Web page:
Adequate growth and adiposity are critical for normal progression of puberty in mammals. Growth restriction (Foster and Olster, 1985; Suttie et al., 1991) and excessive exercise (Manning and Bronson, 1989; Malina, 1994) during the juvenile period delay puberty, likely by decreasing the release of GnRH (I’Anson et al., 2000) in association with heightened negative feedback sensitivity to estradiol (Foster and Olster, 1985). In contrast, increased adiposity seems to facilitate reproductive maturation and advance the onset of puberty (Kaplowitz et al., 2001; Lee et al., 2007; Rosenfield et al., 2009). In cattle, a high proportion of heifers fed to gain weight at high rates during the juvenile period exhibit precocious puberty (Gasser et al., 2006a,b). This occurrence is associated with attenuation of estradiol negative feedback and increased pulsatile release of LH (Gasser et al., 2006a). Therefore, nutritional cues interact with gonadal steroid feedback to time the onset of puberty in females.
Studies investigating adiposity and adipocyte-derived hormones as essential factors for the initiation of puberty have revealed that leptin, a hormone secreted predominantly by adipocytes, has a critical role for the progression of puberty in various species, including ruminants (Zieba et al., 2005). Although leptin does not affect secretion of LH in adequately fed ewes (Henry et al., 1999) and cows (Amstalden et al., 2002), leptin prevents fasting-induced reduction in LH pulsatility in prepubertal heifers (Maciel et al., 2004). Because in mice GnRH neurons are not affected by leptin directly (Quennell et al., 2009), leptin’s actions on GnRH/LH release in ruminants are likely mediated by intermediate pathways. In addition to leptin, information from other hormones (e.g., insulin and ghrelin) and nutrients (e.g., glucose, fatty acids, and amino acids) is also likely to be integrated in a complex neural network that perceive and signal availability of metabolic fuels to the control of reproductive function (Schneider, 2004).
Critical neuronal pathways mediating signals of nutrient sufficiency and insufficiency have been identified. Hypothalamic neuropeptide Y (NPY)/agouti-related protein (AgRP) neurons, and proopiomelanocortin (POMC) neurons are considered major pathways by which nutritional signals are effected (Crown et al., 2007). These populations of neurons in the arcuate nucleus express the leptin receptor and are responsive to changes in nutritional status (Kalra and Kalra, 2003). Specifically, NPY has been shown to mediate the inhibitory effects of undernutrition on reproductive function (Kalra and Crowley, 1984). Contrary to rats in which NPY has both stimulatory and inhibitory effects on LH release depending on gonadal steroid milieu (Sahu et al., 1987), NPY has a predominant inhibitory action on the release of LH in ruminants in the presence and absence of estradiol (Gazal et al., 1998; Estrada et al., 2003; Morrison et al., 2003). This effect of NPY has been shown to be largely due to inhibition of GnRH release (Gazal et al., 1998) and may be mediated by direct NPY actions on GnRH neurons (Klenke et al., 2010).
Intact juvenile female rats chronically exposed to NPY exhibit delayed sexual maturation (Catzeflies et al., 1993), and this effect may be mediated by the Y1 receptor (El Majdoubi et al., 2000; Pralong et al., 2000). Such observations indicate that a break in NPY inhibition may be critical for the peripubertal initiation of high-frequency, episodic release of GnRH. It is unclear, however, whether increased growth and adiposity during the juvenile period has an impact on NPY restraint of GnRH release. The number of NPY neurons and NPY content in the arcuate nucleus of male, juvenile rats reared in small litters to promote over nutrition does not differ from those of rats reared in normal-size litters (Plagemann et al., 1999). We recently began to investigate the role of hypothalamic NPY circuitry in controlling early onset of puberty in an animal model in which elevated body weight gain during the juvenile period accelerates puberty (Gasser et al., 2006a,b). In juvenile heifers that gained body weight at a high rate between 4 and 6.5 months of age, the expression of NPY in the arcuate nucleus was decreased compared to heifers that gained weight at lower rates (Allen et al., 2009). Using a similar dietary treatment, we also observed that the proportion of GnRH neurons in close proximity to NPY fibers in the preoptic area and hypothalamus was reduced in heifers gaining body weight at high rates (Alves et al., 2011). Interestingly, these structural changes in the NPY circuitry seem to be more evident in GnRH neurons located in the mediobasal hypothalamus. In this region, the proportion of GnRH neurons highly innervated by NPY fibers was reduced by ∼50% in heifers gaining weight at high rates (Alves et al., 2011). It is important to note that both groups of heifers were in positive nutrient balance and had nutrient requirements for growth met, except that they differed in the target rate of gain. In mice, there is evidence that neural projections originating in the arcuate nucleus are regulated by leptin during early postnatal development (Bouret et al., 2004a), and that changes observed in leptin-sensitive hypothalamic neurocircuitry may involve NPY neurons (Bouret et al., 2004b). Therefore, structural and functional changes involving hypothalamic NPY circuitry during the early juvenile period may be involved in the mechanisms by which excessive nutrition and adiposity support early onset of puberty.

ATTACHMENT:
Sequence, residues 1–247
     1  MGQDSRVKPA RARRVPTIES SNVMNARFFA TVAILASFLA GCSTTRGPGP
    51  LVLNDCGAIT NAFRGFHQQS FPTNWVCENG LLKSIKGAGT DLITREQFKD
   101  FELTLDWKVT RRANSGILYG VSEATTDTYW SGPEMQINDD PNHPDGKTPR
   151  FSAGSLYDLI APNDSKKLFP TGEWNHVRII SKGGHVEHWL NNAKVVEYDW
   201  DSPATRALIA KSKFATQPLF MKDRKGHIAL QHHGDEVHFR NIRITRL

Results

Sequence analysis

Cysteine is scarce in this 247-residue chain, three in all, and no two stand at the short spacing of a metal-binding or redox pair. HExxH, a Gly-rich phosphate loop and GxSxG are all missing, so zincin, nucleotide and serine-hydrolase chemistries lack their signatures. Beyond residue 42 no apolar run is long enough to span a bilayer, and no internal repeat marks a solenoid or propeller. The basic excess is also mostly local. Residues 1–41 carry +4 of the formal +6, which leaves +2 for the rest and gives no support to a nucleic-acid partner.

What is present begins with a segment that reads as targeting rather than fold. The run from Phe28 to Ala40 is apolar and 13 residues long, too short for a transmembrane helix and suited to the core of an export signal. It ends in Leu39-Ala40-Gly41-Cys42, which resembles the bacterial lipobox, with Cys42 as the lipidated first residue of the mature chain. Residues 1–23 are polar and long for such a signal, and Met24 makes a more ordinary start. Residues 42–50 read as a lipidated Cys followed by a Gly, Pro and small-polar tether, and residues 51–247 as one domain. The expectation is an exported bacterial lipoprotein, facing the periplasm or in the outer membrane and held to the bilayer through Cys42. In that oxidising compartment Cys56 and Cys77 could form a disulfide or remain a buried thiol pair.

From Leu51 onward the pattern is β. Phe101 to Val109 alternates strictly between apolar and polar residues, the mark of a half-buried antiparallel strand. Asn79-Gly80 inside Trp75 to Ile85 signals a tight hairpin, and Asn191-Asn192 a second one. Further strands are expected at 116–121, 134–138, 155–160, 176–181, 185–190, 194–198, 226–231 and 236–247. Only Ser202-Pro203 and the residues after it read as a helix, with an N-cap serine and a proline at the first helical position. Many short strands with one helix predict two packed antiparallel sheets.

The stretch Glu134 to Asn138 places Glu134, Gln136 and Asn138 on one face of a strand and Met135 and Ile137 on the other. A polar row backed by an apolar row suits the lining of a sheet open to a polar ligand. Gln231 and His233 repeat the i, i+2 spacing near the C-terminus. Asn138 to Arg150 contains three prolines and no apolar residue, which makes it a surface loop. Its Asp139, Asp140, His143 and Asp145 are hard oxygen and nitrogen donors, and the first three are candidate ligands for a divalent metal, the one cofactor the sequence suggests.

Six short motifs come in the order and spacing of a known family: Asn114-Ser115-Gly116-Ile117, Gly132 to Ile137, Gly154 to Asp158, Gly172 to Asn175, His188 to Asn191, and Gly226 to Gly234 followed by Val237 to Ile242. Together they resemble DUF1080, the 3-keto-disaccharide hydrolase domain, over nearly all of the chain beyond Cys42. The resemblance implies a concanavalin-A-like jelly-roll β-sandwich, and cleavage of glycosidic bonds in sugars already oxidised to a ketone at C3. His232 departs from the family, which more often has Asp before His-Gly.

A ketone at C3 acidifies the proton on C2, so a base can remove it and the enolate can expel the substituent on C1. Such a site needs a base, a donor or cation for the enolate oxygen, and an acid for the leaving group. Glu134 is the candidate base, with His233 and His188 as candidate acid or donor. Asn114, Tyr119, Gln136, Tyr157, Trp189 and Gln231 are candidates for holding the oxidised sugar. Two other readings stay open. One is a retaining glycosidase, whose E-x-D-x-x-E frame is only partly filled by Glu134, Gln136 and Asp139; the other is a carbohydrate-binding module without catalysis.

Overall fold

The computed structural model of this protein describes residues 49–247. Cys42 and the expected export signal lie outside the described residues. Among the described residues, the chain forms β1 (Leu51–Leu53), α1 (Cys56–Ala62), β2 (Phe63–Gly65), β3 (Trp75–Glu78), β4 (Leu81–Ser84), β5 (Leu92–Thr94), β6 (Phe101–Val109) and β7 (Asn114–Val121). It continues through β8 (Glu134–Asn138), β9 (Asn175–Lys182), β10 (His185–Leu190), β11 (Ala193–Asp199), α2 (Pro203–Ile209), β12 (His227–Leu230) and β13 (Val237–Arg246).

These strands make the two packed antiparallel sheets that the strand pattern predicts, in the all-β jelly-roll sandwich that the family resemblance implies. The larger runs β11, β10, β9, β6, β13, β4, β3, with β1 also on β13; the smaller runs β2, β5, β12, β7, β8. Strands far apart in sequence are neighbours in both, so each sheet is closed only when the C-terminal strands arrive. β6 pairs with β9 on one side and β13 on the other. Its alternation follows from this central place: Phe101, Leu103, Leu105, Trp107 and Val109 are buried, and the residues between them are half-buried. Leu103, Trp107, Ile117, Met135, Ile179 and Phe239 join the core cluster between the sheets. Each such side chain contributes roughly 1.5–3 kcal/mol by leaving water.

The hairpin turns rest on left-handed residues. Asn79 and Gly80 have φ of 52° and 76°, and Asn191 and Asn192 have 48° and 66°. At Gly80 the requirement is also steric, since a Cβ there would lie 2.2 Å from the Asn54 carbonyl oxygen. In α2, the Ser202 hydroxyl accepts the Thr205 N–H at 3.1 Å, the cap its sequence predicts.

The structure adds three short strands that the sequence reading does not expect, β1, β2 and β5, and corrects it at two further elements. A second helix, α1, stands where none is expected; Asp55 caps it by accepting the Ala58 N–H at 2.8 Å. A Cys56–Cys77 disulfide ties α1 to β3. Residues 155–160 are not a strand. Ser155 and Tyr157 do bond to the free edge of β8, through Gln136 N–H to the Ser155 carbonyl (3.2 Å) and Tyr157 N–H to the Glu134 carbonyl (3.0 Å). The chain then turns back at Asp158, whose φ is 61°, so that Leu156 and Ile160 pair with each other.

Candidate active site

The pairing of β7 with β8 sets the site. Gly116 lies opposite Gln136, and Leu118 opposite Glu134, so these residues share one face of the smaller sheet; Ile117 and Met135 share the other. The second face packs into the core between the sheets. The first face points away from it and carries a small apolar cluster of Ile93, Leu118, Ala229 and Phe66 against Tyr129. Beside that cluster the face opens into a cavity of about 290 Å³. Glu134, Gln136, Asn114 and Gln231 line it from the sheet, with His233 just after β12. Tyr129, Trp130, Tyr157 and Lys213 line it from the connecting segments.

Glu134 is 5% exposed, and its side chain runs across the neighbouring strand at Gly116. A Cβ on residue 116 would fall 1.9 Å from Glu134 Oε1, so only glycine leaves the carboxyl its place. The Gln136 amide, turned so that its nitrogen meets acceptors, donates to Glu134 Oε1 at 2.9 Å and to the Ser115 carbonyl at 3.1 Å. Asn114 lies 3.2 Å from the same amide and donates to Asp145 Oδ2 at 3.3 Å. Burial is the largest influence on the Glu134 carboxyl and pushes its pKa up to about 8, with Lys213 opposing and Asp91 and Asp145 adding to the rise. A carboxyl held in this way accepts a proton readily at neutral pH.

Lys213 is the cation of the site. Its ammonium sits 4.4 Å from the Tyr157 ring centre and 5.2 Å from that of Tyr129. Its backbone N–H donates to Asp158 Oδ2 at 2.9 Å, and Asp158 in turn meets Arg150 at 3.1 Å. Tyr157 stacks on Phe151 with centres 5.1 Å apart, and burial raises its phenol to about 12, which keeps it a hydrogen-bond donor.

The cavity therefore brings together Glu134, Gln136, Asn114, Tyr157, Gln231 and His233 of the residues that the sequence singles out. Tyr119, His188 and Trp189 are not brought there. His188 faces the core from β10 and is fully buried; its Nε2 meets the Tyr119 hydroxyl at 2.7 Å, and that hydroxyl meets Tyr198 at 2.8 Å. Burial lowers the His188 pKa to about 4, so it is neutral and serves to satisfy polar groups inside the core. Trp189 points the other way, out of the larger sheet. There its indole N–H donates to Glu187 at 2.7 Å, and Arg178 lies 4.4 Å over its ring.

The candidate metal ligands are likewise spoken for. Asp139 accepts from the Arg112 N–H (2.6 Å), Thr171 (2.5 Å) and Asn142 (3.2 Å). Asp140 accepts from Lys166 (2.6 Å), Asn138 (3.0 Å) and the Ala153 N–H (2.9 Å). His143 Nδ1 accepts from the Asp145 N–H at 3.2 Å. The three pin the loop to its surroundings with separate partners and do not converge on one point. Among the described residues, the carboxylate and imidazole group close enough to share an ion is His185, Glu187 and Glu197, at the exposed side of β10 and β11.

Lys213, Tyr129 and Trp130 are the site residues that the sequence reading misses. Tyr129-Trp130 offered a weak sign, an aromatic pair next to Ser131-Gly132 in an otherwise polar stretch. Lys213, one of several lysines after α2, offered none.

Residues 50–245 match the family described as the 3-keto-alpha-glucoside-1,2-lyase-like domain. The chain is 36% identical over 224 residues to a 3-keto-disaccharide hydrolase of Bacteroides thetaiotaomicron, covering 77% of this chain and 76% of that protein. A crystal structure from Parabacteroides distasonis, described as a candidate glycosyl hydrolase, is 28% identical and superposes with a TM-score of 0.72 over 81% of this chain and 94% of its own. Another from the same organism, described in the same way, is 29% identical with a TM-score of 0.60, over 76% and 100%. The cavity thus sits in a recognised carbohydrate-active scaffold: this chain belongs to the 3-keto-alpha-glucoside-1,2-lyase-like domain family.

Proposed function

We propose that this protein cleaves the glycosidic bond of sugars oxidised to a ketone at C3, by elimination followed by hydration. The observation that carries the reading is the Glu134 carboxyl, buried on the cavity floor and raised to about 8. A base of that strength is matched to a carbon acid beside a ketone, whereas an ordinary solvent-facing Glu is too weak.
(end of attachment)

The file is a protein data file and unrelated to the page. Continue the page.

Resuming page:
The melanocortin system is also considered to have an important role in mediating the neuroendocrine control of metabolism and reproductive function (Schneider, 2004). Melanocyte-stimulating hormone alpha (α-MSH), one of the products of the proopiomelanocortin (POMC) gene in the hypothalamus, is considered a primary effector. Leptin stimulates the expression of POMC mRNA in mice, rats and sheep (Schwartz et al., 1997; Backholer et al., 2010), and a melanocortin receptor agonist (MTII) stimulates LH release in undernourished, ovariectomized, hypogonadotropic ewes (Backholer et al., 2010). The effects of melanocortins in stimulating hypothalamic–hypophyseal function seem to be mediated primarily by the melanocortin receptor type 4 (MC-4) because a MC-4 selective antagonist blocked the leptin-induced LH release in fasted rats (Watanobe et al., 1999). Although MC-4 is expressed in GT1-1 cells, a GnRH-secreting cell line (Khong et al., 2001), it is unclear whether GnRH neurons contain melanocortin receptor. Nevertheless, the endogenous antagonist of melanocortin receptors, AgRP, has also been demonstrated to alter gonadotropin release. In ovariectomized, estradiol, and progesterone-primed rats, AgRP abolishes the LH surge (Schioth et al., 2001), and in ovariectomized, adult rhesus monkeys, administration of AgRP suppresses episodic LH release (Vulliémoz et al., 2005).